How To Make Things Worse
If you want to make things worse, here’s how to do it.
Address form, but don’t address substance. Never resolve your underlying problems.
Instead, add technology, add locations, add campuses, engineer mergers and hope that they will solve all your problems. They won’t.
In fact, they’ll make them worse.
Instead of being in your old building with a manageable budget, you are in a new one with higher costs you can’t pay.
Instead of having your own issues to solve, you’ve merged with another church and now have two organization’s problems to solve. (This is why church mergers in mainline churches almost never work. Church takeovers can and do by the way.)
Instead of being in one location, you are in two and are discovering that two locations aren’t twice as complicated as one location, but 3x to 4x more complicated than running a single site.
Instead of having a simple message people can understand, you have all this technology that is creating even greater distance between you and the people you’re trying to reach.
I believe these things are true:
- You can grow a church in a centuries’ old building. And you can kill a church in a brand new multi-million dollar facility.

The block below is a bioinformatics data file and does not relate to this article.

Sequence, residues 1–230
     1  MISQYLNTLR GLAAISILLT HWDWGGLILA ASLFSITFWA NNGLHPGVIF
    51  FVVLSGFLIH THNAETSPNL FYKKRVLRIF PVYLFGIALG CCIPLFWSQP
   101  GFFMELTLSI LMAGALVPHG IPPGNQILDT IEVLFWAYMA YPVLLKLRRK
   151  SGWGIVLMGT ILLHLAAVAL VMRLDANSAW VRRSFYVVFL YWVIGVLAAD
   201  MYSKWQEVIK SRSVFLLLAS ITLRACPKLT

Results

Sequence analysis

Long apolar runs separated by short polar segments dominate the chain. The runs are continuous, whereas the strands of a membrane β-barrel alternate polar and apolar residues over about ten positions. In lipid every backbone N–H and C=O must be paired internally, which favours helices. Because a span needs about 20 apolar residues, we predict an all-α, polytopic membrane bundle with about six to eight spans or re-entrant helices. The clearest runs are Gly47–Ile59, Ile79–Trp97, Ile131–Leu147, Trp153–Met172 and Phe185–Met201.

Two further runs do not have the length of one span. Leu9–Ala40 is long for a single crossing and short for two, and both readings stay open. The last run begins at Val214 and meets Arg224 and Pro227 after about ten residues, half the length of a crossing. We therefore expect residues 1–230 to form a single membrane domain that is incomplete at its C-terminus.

- You can grow a church with zero media. And you can waste a million dollars on lights, gear and cameras.
- You can grow a church in a single site. And you can go bankrupt adding venues no one wants to attend.
These truths are hard truths but they’re so helpful because they make us look in the mirror and get on our knees.
They help us realize where the issue really is and make us do the homework and the heartwork we need to do.
Please hear me. I have led church mergers and multisite expansions and building campaigns and portable church and rapid technological change in the church and they’ve all helped us reach more people and grow our ministry.
But I think it’s only because we sat down and solved our underlying problems as an organization first.
We got healthier inward as we grew outward.
We tackled the issues of substance before and as often as possible even as we tackled the issues of form.
And (don’t miss this) God has been incredibly gracious to us. (I say that just so you know that I’m not trying to take credit. And God has been gracious to you too I’m sure. It’s just God’s grace is no substitute for using your mind and heart to engage the issues of leadership that are before you.)
And Now the Good News
So what makes a church grow?
Addressing the substantive issues before you will help you grow. This post lists 10 issues many issues churches need to resolve before they grow. This post addresses another 8 reasons why most churches never pass the 200 attendance mark. Tackling issues like these will help you deal with the real problems in front of you.
And when you get healthy, your mission begins to flourish.
Then the moves, the mergers (or takeovers), the expansions, the technology and all the other changes in form help.
All of these things can help a healthy church grow more. But they will not make a dying or stagnant chu